Worley contends that the court incorrectly relied on counsel's prior explanation of the charge to Worley and did not personally address the defendant to explain the charge. This contention is based on the assumption that when the trial court asked if the elements had been explained "before," the court was referring to an explanation by counsel and not previous judges who had accepted Worley's guilty pleas. It is true that a trial court may no longer rely on counsel's assurances that the defendant knows and understands the nature of the charge. Rule 8(2)(b) requires at least some personal address by the trial court. Fluhr, 287 N.W.2d at 860. We conclude that the court's explanation in this case was sufficient. Where the charge is operating a motor vehicle while under the influence of an alcoholic beverage, the name of the offense itself is sufficiently descriptive to satisfy rule 8(2)(b)(1). See Brainard v. State, 222 N.W.2d 711, 714 (Iowa 1974). Secondly, this offense does not have any element of criminal intent. Where the State must prove an element of intent, a court must be certain that the defendant, before pleading guilty, understands that element. Fluhr, 287 N.W.2d at 866. Finally, the circumstances of this case indicate that the trial court did not need to engage in an extended discussion with Worley on the elements of OMVUI. See Brainard, 222 N.W.2d at 714.

Besides explaining the nature of the charge, rule 8 also requires that the court establish on the record that the defendant understands the charge. The court made this record. First, the court asked Worley if he understood the charge. Then Worley related the facts of his case to the elements of the offense in the following manner:

THE COURT: Tell me in your own words what you did. *372 THE DEFENDANT: Well, they was investigating a CB theft and hunting for a red motorcycle and I had a red motorcycle and I pulled up and there I was. THE COURT: Were you under the influence? THE DEFENDANT: Well, they said I was and I guess I was. THE COURT: You think you were? THE DEFENDANT: According to law, yes. According to my way I wasn't but I realize what my blood test said and everything. THE COURT: They did take a blood test? THE DEFENDANT: Yes. THE COURT: And the blood test showed what? THE DEFENDANT: About a hundred seventy-seven. I only had three beers but I had had them within an hour's time. THE COURT: You were operating your motor vehicle in that condition, is that true? THE DEFENDANT: Yes. THE COURT: And that this was in the City of Des Moines, Polk County, Iowa? THE DEFENDANT: Yes. It was out on Northeast Fourteenth. THE COURT: And you are the same Clayton Eugene Worley who has been convicted on four previous occasions of this same offense, is that correct? THE DEFENDANT: Yes.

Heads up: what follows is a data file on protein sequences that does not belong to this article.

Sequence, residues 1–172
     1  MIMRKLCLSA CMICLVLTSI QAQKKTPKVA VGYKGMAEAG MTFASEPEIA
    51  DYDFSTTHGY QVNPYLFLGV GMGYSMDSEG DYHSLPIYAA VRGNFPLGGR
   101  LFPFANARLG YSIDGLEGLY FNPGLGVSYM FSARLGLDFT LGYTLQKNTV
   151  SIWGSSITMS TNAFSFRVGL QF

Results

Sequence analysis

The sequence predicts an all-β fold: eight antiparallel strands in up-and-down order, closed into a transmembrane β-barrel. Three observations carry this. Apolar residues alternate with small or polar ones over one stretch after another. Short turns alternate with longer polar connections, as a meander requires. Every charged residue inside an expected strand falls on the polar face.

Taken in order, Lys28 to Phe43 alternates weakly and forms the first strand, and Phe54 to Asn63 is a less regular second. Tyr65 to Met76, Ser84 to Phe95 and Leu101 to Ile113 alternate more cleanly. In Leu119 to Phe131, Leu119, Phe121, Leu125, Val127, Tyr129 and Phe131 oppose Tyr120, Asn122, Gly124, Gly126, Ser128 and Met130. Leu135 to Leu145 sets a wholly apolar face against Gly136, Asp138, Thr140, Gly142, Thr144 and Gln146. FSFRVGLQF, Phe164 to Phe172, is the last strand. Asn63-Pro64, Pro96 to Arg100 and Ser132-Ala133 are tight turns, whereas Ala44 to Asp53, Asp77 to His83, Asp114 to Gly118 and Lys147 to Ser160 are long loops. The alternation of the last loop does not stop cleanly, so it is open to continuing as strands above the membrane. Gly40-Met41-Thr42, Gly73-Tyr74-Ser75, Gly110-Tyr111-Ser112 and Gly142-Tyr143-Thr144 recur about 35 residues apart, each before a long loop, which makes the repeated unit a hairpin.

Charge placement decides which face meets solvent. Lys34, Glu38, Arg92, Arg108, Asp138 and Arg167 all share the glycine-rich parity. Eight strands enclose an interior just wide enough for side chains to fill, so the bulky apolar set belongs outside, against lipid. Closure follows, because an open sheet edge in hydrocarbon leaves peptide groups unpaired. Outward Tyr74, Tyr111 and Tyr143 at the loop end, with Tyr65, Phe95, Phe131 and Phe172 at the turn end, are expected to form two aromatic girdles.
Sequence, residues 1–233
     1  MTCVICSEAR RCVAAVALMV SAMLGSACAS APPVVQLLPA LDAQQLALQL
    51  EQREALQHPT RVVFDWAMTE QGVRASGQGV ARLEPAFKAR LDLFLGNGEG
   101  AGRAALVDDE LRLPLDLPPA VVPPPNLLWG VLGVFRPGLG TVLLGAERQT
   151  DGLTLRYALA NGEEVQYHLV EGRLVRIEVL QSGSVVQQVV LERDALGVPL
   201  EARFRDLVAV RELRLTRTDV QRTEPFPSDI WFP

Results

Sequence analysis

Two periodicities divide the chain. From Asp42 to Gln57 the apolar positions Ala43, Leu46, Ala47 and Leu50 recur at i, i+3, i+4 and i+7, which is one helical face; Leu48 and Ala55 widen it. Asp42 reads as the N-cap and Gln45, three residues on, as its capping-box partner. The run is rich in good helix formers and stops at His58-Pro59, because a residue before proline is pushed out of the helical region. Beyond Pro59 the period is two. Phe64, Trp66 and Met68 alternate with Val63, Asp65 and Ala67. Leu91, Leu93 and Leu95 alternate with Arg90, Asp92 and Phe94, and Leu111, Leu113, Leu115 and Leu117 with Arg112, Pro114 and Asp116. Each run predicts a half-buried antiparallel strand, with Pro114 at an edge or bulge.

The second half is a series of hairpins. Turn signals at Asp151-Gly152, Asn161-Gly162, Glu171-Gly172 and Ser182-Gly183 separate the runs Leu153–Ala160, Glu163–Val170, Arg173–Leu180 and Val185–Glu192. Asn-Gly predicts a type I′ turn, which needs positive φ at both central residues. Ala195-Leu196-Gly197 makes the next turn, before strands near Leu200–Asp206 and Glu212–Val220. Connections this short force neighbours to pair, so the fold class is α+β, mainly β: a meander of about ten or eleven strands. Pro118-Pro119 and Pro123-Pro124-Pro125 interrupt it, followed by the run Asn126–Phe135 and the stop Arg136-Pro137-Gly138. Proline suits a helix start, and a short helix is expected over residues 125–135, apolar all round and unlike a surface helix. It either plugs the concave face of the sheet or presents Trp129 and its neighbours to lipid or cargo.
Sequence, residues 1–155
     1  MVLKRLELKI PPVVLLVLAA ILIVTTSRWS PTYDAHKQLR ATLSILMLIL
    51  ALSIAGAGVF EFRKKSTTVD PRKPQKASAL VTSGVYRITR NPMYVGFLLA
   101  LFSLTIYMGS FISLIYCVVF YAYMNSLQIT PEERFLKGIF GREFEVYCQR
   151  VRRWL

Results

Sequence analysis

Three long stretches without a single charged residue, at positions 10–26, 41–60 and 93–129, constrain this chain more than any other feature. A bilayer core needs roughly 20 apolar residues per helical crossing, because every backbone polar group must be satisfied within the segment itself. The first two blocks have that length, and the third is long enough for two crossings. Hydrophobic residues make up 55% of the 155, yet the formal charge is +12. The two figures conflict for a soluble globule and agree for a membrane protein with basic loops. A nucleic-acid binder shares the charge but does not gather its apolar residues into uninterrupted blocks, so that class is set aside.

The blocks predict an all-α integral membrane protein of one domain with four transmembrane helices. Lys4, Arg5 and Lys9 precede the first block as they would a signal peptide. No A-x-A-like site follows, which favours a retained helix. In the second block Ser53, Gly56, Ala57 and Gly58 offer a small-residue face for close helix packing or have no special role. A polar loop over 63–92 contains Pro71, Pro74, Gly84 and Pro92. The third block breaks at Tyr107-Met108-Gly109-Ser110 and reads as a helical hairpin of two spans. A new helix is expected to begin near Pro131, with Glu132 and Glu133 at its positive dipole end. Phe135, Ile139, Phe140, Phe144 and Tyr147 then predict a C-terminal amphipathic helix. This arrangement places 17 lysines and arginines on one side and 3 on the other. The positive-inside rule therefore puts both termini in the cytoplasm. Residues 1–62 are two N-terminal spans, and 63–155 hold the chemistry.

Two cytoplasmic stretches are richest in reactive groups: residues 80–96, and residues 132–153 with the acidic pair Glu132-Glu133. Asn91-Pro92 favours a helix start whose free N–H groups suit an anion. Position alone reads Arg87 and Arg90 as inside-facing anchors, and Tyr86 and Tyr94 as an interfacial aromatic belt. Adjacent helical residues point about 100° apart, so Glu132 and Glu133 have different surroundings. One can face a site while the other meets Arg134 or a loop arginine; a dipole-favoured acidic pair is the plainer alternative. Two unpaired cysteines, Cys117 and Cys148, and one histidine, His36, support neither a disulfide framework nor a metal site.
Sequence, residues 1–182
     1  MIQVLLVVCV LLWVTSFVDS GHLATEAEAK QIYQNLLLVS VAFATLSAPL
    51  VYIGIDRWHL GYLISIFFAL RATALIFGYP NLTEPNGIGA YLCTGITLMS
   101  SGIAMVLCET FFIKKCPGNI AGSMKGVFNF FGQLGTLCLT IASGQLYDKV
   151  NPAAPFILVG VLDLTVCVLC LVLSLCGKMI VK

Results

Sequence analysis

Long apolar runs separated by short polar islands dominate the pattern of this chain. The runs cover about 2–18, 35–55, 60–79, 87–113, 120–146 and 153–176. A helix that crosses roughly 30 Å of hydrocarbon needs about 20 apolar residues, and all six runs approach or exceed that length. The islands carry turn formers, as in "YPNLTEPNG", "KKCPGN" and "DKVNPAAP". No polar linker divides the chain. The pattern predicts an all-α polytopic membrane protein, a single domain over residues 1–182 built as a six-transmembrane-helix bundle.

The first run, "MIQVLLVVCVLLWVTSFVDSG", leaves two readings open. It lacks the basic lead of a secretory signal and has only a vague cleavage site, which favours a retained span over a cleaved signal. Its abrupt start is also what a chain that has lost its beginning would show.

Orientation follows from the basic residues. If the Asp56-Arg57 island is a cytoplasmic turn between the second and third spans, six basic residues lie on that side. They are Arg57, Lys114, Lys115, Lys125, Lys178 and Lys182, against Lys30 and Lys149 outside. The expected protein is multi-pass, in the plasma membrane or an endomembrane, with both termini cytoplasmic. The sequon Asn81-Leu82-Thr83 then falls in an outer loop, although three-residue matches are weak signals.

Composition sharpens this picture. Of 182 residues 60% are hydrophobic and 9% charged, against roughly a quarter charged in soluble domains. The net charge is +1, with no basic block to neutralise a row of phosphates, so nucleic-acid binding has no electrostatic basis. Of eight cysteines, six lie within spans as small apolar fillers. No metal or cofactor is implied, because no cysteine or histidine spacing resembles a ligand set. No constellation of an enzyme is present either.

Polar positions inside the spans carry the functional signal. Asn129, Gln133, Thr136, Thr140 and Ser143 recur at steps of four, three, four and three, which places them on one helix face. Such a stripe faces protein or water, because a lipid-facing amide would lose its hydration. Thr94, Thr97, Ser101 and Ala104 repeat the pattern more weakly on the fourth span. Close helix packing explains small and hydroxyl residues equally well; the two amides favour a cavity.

We conclude there was substantial compliance with rule 8(2)(b)(1) by the trial court in informing defendant of the nature of the charge and determining that he understood it.

III. Sentencing. Worley also challenges his sentencing because the trial court did not state the reasons for selecting the five-year prison term.[1] The State concedes that the court did not comply with Iowa R.Crim.P. 22(3)(d), which requires that "[t]he court shall state on the record its reason for selecting the particular sentence." Therefore the case must be remanded for resentencing. State v. Wilson, 294 N.W.2d 824 (Iowa 1980); State v. Marti, 290 N.W.2d 570, 589 (Iowa 1980); State v. Pierce, 287 N.W.2d 570, 575 (Iowa 1980).

Worley also claims that at sentencing he was not given his right to address the court in mitigation of punishment as allowed by Iowa R.Crim.P. 22(3)(d). This matter can be corrected at the sentencing hearing.

Whether specifically addressed, we have considered all contentions of both parties necessary to disposition of the appeal.

The conviction is affirmed; the sentence is vacated; and the case is remanded for resentencing.



[1] The sentencing statute, section 902.9(4), The Code, provides:

A class "D" felon, not an habitual offender, shall be confined for no more than five years, and in addition may be sentenced to a fine of not more than one thousand dollars.